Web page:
Charter debate helps bring big money into school super race

A lot of Democratic and education association money is lining up behind Valarie Wilson in her bid to become Georgia’s next school superintendent.

Meanwhile, national school-choice and charter school advocates are helping bankroll Wilson’s Democratic rival, state Rep. Alisha Thomas Morgan.

Reports filed today show Wilson, a former chairwoman of the Decatur school board, had raised about $212,000 as of June 30 - a sizable figure in a race that typically attracts little money. Morgan has raised almost the same amount.

Despite the fact that Wilson is facing a Democratic state lawmaker in the July 22 runoff, she’s collected checks from about a dozen current and former Democratic lawmakers, along with money from the Georgia Association of Educators, the Federation of Teachers, the lobbyist for the Georgia School Boards Association, and the wife of DeKalb County School Superintendent Michael Thurmond.

Many traditional education associations and Democratic lawmakers have opposed or at least been skeptical of the expansion of charter schools and other school choice options. Morgan has been a champion of charter schools, and her ex-husband lobbies for the Washington D.C.-based American Federation for Children, a leading national advocate of charter and private schools.

Morgan’s campaign reported it has raised about $205,000 so far, including more than $100,000 in the past three months. The federation contributed $3,700, and Morgan raised tens of thousands more from some of the same groups and individuals who backed a successful constitutional amendment campaign in 2012 that helped create a new pathway to form charter schools.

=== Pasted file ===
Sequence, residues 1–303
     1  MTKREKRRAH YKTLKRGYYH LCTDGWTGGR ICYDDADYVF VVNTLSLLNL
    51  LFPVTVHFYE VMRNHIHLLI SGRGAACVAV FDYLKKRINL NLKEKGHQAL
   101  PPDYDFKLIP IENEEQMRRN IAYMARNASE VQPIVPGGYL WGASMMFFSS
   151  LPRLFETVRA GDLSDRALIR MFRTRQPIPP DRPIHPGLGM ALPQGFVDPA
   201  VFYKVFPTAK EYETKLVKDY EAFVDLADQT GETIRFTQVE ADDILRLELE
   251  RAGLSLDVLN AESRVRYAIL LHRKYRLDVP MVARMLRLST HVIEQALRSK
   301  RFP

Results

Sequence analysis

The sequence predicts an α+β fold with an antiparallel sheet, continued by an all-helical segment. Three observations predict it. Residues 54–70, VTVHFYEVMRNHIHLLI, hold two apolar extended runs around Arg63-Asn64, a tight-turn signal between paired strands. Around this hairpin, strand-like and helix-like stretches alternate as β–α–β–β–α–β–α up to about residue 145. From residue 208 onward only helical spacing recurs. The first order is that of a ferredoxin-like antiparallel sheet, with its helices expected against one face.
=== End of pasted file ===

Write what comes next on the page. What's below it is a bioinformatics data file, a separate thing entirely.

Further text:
Among her contributors were charter school advocate and former New York City Mayor Michael Bloomberg ($10,000), K12, a Herndon, Va.-based company that manages cyber charter schools around the country ($2,000) and J.C. Huzienga, ($2,500) who founded Grand Rapids, Mich.-based National Heritage Academies, which manages charter schools including one in Atlanta.

The Republicans vying for their party’s nomination in the runoff, Michael Buck and Richard Woods, have both raised about $26,000. Combined, they collected about $20,000 in the most recent reporting period, April 1 to June 30.

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